The Hand and Lock Prize for Embroidery is a prestigious annual event celebrating the best in the intricate craft of embroidery. It is held at the Bishopsgate Institute in London and attended by both the public and industry professionals who wish to see the latest embroidery art.
In 2019 I applied. The brief was:
“Fool the Senses. Consider the texture and feel of your embroidery, to create embellishments with a sumptuous surface that intrigues and surprises”.
Along with many others from the UK and the rest of the world, I submitted images of my latest project, an artist statement and my concept. To my absolute shock and delight, I became a finalist and was asked to submit 2-3 mood boards and the final piece ready for the awards evening on Thursday 21st November. All finalists were also informed of their mentor who would support and guide the final submission pieces. My mentor was Diana Springall.
(I submitted images of my latest project, an artist statement, my concept and why I entered. To my absolute shock and delight, I was chosen as a finalist. All finalists were asked to submit two or three mood boards and their final piece, with the support and guidance of a specially allocated mentor. My mentor was Diana Springall.)
Diana Springall knew my work having previously purchased ‘A Bar of Drinking Chocolate, 2016’ for her large collection of textile art. We used our time to discuss the importance of embroidery being recognised as art and what I should put on my mood boards to support my entry. I had never made one before because I work according to a concept as opposed to a design. Diana said that she wanted to know how I made my work and that this should be shown to the judges.
The finals were a two day event. On Wednesday 20 November, for the first time, we were able to see how our work was being displayed and meet the other finalists. We had the chance to get to know each other, discuss our projects and discover the ideas and processes behind each beautiful piece. The public visited, and were able to meet the makers and cast a vote for their favourite piece (this was combined with the judges’ vote).
Thursday 21 November was the awards evening. The event was incredibly busy with lots of conversations between makers and industry professionals and the live judging for the four categories: Fashion: Open Category, Fashion: Student Category, Textile: Open Category, and Textile Art: Student Open. There were also four winners for the associate awards: Wilcom Award for Digital Embroidery: Textile Art and Fashion, The Worshipful Company of Gold and Silver Wyre Drawers Award and The Worshipful Company of Broderers Award.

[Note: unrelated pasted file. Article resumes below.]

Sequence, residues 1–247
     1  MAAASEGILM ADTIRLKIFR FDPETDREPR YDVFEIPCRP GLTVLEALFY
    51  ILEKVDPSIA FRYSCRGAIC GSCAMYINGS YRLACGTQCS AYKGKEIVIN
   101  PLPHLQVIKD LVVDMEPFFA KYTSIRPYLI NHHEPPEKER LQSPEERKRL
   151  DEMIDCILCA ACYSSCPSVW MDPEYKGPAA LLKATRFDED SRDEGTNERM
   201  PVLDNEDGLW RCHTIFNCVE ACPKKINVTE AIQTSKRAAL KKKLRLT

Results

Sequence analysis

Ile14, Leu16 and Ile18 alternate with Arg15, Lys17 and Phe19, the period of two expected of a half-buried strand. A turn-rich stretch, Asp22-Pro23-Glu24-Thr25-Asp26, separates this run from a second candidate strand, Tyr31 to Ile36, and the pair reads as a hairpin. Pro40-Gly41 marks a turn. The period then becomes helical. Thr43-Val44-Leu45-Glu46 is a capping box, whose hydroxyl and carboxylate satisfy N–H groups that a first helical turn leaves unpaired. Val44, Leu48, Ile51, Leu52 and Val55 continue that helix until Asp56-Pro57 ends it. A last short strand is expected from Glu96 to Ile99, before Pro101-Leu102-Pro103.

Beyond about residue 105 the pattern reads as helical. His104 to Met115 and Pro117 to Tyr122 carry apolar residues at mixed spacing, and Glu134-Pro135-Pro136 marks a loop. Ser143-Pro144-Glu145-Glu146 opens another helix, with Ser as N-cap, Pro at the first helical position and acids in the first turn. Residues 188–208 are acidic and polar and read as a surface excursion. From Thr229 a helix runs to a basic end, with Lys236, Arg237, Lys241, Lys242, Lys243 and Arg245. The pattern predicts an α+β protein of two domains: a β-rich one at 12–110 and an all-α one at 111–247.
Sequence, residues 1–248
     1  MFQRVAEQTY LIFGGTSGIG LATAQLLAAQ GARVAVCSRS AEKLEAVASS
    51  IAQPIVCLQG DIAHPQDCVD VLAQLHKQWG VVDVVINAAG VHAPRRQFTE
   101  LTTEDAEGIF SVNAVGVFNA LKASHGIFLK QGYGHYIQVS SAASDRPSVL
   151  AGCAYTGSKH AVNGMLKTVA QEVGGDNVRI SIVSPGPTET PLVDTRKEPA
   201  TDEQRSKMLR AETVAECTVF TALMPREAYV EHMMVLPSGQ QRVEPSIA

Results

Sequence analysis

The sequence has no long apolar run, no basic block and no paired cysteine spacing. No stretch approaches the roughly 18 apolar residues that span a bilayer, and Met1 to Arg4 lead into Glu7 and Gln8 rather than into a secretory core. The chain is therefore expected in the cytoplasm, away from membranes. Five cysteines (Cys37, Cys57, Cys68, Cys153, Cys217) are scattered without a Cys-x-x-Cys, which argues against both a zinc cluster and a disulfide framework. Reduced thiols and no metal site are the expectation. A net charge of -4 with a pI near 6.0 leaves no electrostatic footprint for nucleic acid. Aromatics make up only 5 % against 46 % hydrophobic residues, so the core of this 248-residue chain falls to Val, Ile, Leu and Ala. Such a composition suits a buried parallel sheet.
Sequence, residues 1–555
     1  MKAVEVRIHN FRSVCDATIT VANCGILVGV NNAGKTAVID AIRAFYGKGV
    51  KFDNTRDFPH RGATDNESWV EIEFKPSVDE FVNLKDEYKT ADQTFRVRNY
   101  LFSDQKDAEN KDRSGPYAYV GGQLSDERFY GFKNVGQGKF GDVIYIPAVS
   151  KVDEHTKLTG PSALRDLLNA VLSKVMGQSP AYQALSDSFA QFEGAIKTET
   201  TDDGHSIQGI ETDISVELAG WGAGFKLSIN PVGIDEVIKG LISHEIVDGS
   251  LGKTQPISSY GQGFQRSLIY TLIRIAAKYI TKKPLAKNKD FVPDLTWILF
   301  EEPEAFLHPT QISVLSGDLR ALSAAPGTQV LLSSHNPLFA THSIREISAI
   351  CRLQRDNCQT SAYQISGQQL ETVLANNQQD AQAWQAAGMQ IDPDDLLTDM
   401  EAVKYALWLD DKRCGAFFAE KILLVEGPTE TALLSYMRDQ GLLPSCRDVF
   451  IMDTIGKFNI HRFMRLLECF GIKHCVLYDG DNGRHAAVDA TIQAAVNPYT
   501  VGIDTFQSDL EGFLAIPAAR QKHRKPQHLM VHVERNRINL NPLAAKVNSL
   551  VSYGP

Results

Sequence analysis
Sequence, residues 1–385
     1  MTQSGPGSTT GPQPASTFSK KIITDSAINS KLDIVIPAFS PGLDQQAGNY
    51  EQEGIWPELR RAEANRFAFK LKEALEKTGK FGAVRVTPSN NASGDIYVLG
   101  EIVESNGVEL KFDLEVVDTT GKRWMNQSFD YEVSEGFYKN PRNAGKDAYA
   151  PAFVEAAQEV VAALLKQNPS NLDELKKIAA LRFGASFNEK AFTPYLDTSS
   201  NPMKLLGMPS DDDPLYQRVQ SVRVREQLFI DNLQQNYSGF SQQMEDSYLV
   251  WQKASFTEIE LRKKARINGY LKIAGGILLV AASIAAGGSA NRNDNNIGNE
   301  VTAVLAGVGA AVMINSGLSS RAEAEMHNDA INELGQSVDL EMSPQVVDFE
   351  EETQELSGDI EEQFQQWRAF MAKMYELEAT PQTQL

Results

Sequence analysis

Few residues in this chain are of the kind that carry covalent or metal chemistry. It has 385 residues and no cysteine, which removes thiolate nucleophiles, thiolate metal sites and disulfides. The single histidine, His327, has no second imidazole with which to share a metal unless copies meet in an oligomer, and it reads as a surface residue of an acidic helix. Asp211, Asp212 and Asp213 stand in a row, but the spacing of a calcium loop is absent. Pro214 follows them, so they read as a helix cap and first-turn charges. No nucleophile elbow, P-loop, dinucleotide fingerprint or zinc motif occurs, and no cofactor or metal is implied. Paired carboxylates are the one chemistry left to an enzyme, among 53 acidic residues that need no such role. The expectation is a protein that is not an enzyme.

Here are some images from the evening courtesy of each artist:
Sheila Ramsey: Winner of Fashion: Open Category.
Sheila flew over from Canada for the prize and presented a beautiful garment made from common milkweed fluffs, candy wrappers, up cycled piping and washers, creating a wedding jacket that was luxurious, innovative and sustainable.
Sophie Reynolds: second Place, Fashion: Student Category.
Sophie created a sensual garment that suggests a connection with nature by emulating repetition in design and behaviours to improve wellbeing. Sophie explored fringing, beading, and hand embroidery using recycled plastic sequins, wood, leather and acrylics.
Hannah Mansfield: Winner of the Textile Open Category.
Hannah created four seasonly inspired, stunning gold work flower structures in gold and silver. The beautiful floral arrangements were made with metal threads and imitation pearls with an underside of self made fabric formed from metal leaf and organza.
Samantha Trevis: 2nd Place, Open Category: Textile Art.
Samantha’s radiant work reflects the beautiful personality of her mother who has Alzheimers. Sam say
(Samantha’s radiant work reflects the beautiful personality of her mother who has Alzheimer’s. It is made with unwanted, unfashionable and broken items. Samantha says:)
“Through the darkness we find our light. I share hers, it’s too bright to be contained.”
Sam’s amazing work is made with unwanted, unfashionable and broken items.
Finally, my piece won: Third Place, Open Category: Textile Art.
The process of making my art challenges me every time I stitch. This drawing proved challenging throughout with the complex manipulation of thread in an endeavour to create textures including glass, metal, transparent plastic, ceramic tiles, corduroy, knit, crumpled fabric and leather. I never knew if I would actually be able to finish it alone entering and succeeding in one of the worlds most prestigious competitions for embroidery.
I have made some lovely new friends, seen some wonderful work and enjoyed celebrating the beautiful art of stitch. Thank you to Hand and Lock for this amazing opportunity.
For a complete view of all the finalists work, please visit Hand & Lock.